"I feel that me running, it brings a neutral situation, meaning that Wyclef Jean can sit with any political party, have a conversation. I'm coming in neutral... I represent the voice of the youth." And: "When you vote for Wyclef Jean, you basically try something new."
Entertainers who make the leap to politics — and there are many, from Ronald Regan to Arnold Schwarzenegger to Al Franken — have a few things going for them: Experience with the publicity machine, spin doctors and communicating a message. They're (usually) not looking to be bought or bribed by lobbyists or special interests, since they're not in it for the money or power. In addition, raw passion — the drive to see change — is always an asset.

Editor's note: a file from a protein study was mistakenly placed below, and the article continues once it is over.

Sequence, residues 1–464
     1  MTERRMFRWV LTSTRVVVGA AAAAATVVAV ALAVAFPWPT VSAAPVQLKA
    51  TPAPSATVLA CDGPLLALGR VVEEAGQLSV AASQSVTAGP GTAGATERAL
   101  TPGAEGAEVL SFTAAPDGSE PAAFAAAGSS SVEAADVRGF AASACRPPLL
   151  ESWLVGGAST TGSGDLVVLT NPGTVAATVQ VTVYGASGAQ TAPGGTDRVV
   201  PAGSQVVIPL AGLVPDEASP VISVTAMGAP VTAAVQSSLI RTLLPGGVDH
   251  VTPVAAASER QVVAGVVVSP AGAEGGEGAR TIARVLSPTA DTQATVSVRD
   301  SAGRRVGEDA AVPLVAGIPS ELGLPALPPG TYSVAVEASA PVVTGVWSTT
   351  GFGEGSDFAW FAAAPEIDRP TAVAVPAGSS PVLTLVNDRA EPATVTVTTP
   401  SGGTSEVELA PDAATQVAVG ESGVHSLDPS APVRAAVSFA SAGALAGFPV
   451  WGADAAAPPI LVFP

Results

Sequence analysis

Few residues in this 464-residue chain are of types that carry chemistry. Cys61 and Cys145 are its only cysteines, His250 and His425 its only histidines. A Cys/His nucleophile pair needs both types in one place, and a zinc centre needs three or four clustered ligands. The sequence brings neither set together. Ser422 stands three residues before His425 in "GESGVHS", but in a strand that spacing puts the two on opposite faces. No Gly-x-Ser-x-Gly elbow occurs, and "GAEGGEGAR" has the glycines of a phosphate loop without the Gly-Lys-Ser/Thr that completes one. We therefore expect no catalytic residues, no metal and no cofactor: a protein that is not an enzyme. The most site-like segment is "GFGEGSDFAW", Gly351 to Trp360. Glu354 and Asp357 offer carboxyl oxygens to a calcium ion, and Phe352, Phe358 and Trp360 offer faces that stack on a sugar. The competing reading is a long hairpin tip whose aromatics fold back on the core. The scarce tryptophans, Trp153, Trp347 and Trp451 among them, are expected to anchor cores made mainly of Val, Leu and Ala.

But there are some reasons Wyclef Jean would not make a good president. First off: His charity, Yele Haiti, was involuntarily dissolved by the Florida Division of Corporations on multiple occasions for failing to file required state disclosure reports. While the foundation did provide scholarships to thousands of children, at least $1 million in revenue was paid directly to Wyclef and his business partner. The charity remains under "fiscal scrutiny."
And then there's this: Sean Penn says, "I'm not accusing Wyclef Jean of being an opportunist; I don't know the man. One of the reasons I don't know very much about Wyclef Jean is that I haven't seen or heard anything of him in these last six months that I've been in Haiti." Oh. Snap.
Still, Wyclef told Time: "If I can't take five years out to serve my country as president, then everything I've been singing about, like equal rights, doesn't mean anything."